We also wanted the 3D glitching effect, with a GIF you can get the 3D effect a couple of ways. Either use a proper 3D camera that has 2, 3 or 4 lenses, or use a single camera and shoot several frames as you pan to the side. In our tests we found that in places where the camera was moving sideways, or looking into views with extreme depth (like down the stairwell at the office) we could get the 3D effect by jumping back and forwards around the current frame. Anything that involved panning worked well. As well adding some “glitching” code to our filmstrip engine we had to add a small bit of code to check to see if a frame had loaded yet, and jumping to the closest valid frame if it hadn’t.
Enter the scenes, and even smarter filmstrip.
We’re nearly at the point where we could wrap everything up and focus on just making the code work. The almost final thing was that we had not just one scene but 7 scenes (the final project had just over 2000 frames in it) and we needed a way to get from one scene to the next. To make the move from one scene to the next as smooth as possible we also prioritised “transition frames”. A scene’s description would contain the keyframes, the frames for a transition in and transition out. The engine would load in the keyframes, then all the frames for a transition in (we wanted the user to have a good experience starting a scene) and every 4th frame for a transition out, to make sure a move from the current scene to the next would actually exists before we allowed the user into that scene. The engine would also attempted to load in the frames for the next scene while the user was still interacting with the current scene. Which means if we could keep the user playing with the current scene then we could sneakily load in the frames for the next one. Sometimes a user wouldn’t hang round long enough for us to even get started on loading in the frames for the next scene, meaning we had to create inter-scene pre-loaders. We’d immediately stop loading in frames for the current scene, start the next scene’s frames loading and play the transition out frames, of which we knew we’d have at least every 4th. Then hold the user at the mini pre-loader while sucking down the next scene.
There’s a couple more tricks we threw in to try and make the experience faster.
1. Estimating bandwidth speed.
Because we knew the average size of a frame and scene, right from the start we’d start recording the average download speed of a frame and therefor the time remaining for the current scene and the estimated time for the next scene. If we detected that loading in the scenes may take a while then we could tell the engine to only load in every other frame, i.e. not to do the final pass of loading in frames, before moving onto loading in frames for the next scene. This way for slow connections a 240 frame scene could become a 120 frames scene (give or take a few for keyframes and transitions). We also had plans for an extreme fallback which was to have single high definition frames for each scene, which are loaded in right at the start and which we also measured the download time for. If the user appeared to be on a very slow connection then we would just show the single frames with the questions over the top. Their experience would be one of just going through a gallery of images answering questions along the way. We ended up not having time to implement that feature but will probably add it into future versions of the engine.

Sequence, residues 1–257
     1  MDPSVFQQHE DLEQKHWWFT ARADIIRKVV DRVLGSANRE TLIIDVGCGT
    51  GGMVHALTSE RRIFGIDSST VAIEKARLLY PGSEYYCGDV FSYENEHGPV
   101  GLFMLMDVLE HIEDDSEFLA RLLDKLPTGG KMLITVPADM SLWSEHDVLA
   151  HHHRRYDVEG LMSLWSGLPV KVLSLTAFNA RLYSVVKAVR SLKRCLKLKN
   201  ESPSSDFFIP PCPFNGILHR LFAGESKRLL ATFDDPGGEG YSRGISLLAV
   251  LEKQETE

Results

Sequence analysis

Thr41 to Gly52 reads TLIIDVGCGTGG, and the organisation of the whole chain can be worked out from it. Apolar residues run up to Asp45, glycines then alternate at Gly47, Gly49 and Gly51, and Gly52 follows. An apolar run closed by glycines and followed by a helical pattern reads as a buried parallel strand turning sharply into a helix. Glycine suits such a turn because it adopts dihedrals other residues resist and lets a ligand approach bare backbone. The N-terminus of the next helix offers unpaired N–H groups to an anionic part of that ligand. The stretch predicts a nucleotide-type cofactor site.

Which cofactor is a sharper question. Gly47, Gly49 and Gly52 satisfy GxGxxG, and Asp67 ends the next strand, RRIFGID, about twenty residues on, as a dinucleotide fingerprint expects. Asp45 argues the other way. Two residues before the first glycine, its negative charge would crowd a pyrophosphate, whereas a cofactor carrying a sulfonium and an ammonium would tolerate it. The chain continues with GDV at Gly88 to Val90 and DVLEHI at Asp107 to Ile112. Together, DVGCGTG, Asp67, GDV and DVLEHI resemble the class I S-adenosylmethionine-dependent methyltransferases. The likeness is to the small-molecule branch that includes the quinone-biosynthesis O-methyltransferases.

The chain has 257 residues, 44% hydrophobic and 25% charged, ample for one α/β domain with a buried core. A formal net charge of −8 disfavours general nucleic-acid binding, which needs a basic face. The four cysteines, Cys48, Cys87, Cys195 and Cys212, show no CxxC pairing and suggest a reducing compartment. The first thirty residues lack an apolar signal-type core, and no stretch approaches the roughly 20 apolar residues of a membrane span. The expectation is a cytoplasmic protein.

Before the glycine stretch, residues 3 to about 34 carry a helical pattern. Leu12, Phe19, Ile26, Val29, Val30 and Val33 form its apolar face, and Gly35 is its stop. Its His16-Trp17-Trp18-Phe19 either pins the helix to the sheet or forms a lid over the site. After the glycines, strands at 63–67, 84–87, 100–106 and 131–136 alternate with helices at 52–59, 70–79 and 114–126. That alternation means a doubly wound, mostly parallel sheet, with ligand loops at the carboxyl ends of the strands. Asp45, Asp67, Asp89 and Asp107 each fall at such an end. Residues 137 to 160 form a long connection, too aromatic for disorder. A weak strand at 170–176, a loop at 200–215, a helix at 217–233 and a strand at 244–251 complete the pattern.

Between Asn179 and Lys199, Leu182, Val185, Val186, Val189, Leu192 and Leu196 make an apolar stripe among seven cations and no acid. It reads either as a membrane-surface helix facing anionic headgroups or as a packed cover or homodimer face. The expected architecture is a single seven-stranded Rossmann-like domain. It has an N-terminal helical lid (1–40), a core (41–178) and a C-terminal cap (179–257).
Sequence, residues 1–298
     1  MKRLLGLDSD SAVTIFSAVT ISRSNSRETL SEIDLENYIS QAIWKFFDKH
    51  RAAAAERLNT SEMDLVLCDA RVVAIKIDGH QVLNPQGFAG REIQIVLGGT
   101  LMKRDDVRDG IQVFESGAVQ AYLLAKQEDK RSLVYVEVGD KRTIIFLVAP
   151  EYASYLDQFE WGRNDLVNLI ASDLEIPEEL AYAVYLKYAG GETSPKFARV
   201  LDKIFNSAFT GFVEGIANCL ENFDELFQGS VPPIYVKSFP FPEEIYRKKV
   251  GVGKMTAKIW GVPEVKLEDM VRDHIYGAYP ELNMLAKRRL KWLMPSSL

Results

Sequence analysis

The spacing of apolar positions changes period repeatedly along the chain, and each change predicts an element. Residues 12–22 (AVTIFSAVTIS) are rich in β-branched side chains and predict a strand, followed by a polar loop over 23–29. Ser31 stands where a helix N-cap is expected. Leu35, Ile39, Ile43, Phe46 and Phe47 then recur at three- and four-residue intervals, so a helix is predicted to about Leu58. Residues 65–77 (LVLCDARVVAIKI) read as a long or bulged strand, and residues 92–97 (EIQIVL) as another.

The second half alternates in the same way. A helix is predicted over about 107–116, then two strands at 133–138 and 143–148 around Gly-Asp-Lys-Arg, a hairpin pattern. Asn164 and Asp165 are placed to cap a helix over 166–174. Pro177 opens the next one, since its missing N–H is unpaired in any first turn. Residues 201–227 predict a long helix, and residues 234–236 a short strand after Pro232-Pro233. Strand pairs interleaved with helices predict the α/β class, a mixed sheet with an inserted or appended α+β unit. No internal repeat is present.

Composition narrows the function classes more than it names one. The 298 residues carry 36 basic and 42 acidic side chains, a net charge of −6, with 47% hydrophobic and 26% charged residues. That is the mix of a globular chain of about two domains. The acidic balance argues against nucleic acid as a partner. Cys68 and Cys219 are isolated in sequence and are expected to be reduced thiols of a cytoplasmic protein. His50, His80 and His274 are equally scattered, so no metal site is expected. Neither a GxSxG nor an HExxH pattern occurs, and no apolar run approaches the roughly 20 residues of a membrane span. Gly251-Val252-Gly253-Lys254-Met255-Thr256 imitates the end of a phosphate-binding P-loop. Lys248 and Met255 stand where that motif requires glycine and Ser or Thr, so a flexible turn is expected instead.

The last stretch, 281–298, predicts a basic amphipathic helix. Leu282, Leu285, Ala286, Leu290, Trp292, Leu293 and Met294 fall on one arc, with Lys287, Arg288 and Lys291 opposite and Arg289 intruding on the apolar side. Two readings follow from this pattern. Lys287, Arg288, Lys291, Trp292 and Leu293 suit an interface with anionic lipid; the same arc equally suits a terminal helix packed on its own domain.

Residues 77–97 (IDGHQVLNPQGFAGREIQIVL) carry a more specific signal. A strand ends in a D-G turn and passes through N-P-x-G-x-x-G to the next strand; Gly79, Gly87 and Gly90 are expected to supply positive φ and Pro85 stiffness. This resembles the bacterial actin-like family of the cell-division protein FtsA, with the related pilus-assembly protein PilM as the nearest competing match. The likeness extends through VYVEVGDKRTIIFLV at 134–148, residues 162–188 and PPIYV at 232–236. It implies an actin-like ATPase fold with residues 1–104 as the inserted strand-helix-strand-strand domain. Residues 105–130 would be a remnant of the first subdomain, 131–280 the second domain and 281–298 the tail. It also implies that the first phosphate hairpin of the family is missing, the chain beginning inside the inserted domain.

2. Minimum frames needed tweaking.
Each scene had a suggested minimum percent of frames that needed to be loaded before we’d allow the user into the scene that we could also tweak. Some scenes we felt that we could allow the user into with only 16% of frames loaded but others needed at least 75% of the frames for a good experience.
The wrap up.
Needless to say this was a fun and interesting project with various challenges. And I haven’t even got into how we managed the assets as we got frames in from the shoots, first the quick rushes then un-colour corrected frames and so on. We had to devise an identifying keyframes and compression management system for that too. Fortunately that didn’t have to be too pretty Of course having an awesome team to pull it all together it what make all the crazy theories work, so huge thanks to the Storythings team on this project – Natalia Buckley, Pete Fairhurst, Dean Vipond, Rob & Al at Green Shoots Design, and Adrian Bigland (iOS app).